Russia rebuffs Clinton on Syria, Iran penalties
VLADIVOSTOK, Russia (AP) — Russia on Saturday soundly rejected U.S. calls for increased pressure on Syrian President Bashar Assad to relinquish power. U.S. Secretary of State Hillary Rodham Clinton tried to prod Moscow into supporting U.N. action to end the crisis in Syria and she expressed hope that Congress would repeal Cold War-era trade restrictions on Russia.
Russian Foreign Minister Sergey Lavrov, after meeting Clinton on the sidelines of a meeting of Pacific Rim leaders, told reporters that Moscow is opposed to U.S.-backed penalties against the Assad government, in addition to new ones against Iran over its nuclear program, because they harm Russian commercial interests.
"Our American partners have a prevailing tendency to threaten and increase pressure, adopt ever more sanctions against Syria and against Iran," Lavrov said. "Russia is fundamentally against this, since for resolving problems you have to engage the countries you are having issues with and not isolate them."
"Unilateral U.S. sanctions against Syria and Iran increasingly take on an extraterritorial character, directly affecting the interests of Russian business, in particular banks," he said. "We clearly stated that this was unacceptable, and they listened to us. What the result will be, I don't know."
Clinton, who also met with Russian President Vladimir Putin during the annual Asia-Pacific Economic Cooperation forum summit in Vladivostok, had urged Moscow to reconsider its opposition to the penalties, particularly against Syria in order to convince Assad that he should agree to a political transition, according to a senior U.S. official.
Clinton told her Russian counterpart that the Security Council needed to do more to send "a strong message" to Assad, given the escalating level of violence in Syria, said the official, who was present during the meeting. Clinton made clear to Lavrov that the Security Council risks "abrogating its responsibility" if it fails to act.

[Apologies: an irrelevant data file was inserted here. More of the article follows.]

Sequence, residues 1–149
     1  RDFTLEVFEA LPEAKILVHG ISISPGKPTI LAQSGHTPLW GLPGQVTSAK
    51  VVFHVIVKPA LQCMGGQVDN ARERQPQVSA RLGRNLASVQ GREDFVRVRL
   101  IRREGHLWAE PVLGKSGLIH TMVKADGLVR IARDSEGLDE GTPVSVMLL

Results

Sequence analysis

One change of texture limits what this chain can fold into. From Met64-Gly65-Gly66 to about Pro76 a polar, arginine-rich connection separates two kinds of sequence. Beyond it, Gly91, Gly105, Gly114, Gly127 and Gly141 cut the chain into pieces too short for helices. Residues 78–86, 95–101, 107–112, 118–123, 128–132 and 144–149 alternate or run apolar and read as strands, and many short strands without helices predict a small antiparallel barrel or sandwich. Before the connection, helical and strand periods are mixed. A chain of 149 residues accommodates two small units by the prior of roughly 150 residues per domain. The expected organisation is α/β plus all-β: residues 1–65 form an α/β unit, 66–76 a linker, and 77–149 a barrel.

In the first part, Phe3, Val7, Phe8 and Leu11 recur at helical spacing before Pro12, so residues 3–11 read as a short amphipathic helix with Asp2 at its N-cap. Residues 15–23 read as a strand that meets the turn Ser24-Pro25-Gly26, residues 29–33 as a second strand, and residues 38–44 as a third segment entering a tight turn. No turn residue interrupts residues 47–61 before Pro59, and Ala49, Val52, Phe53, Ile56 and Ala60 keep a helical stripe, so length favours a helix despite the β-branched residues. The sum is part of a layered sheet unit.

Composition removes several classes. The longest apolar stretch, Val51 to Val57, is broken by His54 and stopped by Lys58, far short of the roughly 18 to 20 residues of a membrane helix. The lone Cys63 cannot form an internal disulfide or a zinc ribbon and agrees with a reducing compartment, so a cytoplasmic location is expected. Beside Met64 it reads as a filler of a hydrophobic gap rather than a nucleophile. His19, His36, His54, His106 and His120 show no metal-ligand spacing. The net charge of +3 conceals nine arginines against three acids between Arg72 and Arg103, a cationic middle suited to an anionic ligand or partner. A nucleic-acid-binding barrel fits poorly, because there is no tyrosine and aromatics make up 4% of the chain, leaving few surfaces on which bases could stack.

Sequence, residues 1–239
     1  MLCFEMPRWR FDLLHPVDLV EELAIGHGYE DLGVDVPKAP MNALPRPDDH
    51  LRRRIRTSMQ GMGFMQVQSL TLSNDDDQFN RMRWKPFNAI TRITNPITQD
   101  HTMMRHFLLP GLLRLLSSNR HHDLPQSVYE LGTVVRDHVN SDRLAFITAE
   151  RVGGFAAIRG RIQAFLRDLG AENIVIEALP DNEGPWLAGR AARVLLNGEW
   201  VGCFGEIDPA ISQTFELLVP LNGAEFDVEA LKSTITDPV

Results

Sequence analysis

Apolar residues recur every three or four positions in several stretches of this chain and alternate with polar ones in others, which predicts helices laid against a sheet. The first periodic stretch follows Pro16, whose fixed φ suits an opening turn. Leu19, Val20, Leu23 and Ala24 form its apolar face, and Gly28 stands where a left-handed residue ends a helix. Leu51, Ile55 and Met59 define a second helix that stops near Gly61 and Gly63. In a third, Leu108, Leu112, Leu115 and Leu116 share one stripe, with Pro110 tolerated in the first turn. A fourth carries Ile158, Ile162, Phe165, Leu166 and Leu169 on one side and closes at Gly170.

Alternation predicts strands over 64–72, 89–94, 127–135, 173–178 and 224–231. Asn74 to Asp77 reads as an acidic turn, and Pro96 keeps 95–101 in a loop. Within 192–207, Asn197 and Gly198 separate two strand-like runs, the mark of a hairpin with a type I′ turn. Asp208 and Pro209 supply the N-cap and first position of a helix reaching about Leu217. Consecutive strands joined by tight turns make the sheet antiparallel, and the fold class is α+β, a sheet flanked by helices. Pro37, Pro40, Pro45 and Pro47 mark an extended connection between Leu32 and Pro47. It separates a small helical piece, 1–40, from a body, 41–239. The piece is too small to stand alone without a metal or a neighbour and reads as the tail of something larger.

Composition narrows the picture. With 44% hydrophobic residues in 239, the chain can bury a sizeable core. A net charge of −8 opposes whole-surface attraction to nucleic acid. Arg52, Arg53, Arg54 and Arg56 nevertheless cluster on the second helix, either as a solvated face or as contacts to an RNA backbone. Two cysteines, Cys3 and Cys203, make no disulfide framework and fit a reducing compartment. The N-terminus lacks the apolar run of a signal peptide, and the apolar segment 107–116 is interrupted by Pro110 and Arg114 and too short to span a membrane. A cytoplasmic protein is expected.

The official spoke on condition of anonymity because the conversation was private.
Russia and China have blocked three Security Council resolutions that would have punished Syria if the Assad government did not accept a negotiated political transition. Clinton said in Beijing this past week that the U.S. was "disappointed" by the vetoes.
She had earlier called the actions "appalling" and said they put Russia and China on the "wrong side of history." That assertion was rejected by Chinese Foreign Minister Yang Jiechi at a news conference with Clinton on Wednesday, when Yang said history would prove China's position to be correct.
On Saturday, Lavrov said Russia's opposition to penalizing Syria was based on the premise that "they don't achieve anything."
The question of sanctions against Syria and Iran will be a main topic of conversation among officials later this month at the U.N. General Assembly, and the U.S. official said Clinton had discussed both with Putin during dinner in Vladivostok.
Clinton, who's in Russia's Far East representing President Barack Obama at the APEC summit, also discussed with Putin topics including wildlife conservation, the upcoming winter Olympics in Sochi, Russia, and bilateral trade and investment, the official said.
Despite Russia's refusal to join the U.S. and its allies in seeking more pressure against Syria and Iran, Clinton told business leaders at the APEC meeting that the Obama administration wants Congress to repeal a 1974 law that denies Russia normal trade relations with the U.S because of Soviet-era laws restricting the emigration of Jews.
Now that Russia has joined the World Trade Organization, Clinton said the Obama administration is "working closely" with lawmakers on that issue and hopes that "Congress will pass on this important piece of legislation this month."
At the same time, Washington is looking for Russia to play a greater role in the Asia-Pacific region as the U.S. tries to quell growing maritime tensions.
Territorial disputes, including between U.S. allies Japan and South Korea, sparked by nationalist rhetoric have fueled fears of conflict.
Clinton has spent the last week in the region urging peaceful resolutions to competing territorial claims between China and its smaller neighbors in the South China Sea. The U.S. wants to see the Association of Southeast Asian Nations and China establish quickly a code of conduct for the area to be followed by a mechanism to resolve the conflicts peacefully without intimidation, coercion or clashes.
She began Saturday by signing an agreement with Lavrov that will enhance U.S.-Russia scientific cooperation in the Antarctic, as well as link national parks on either side of the Bering Strait.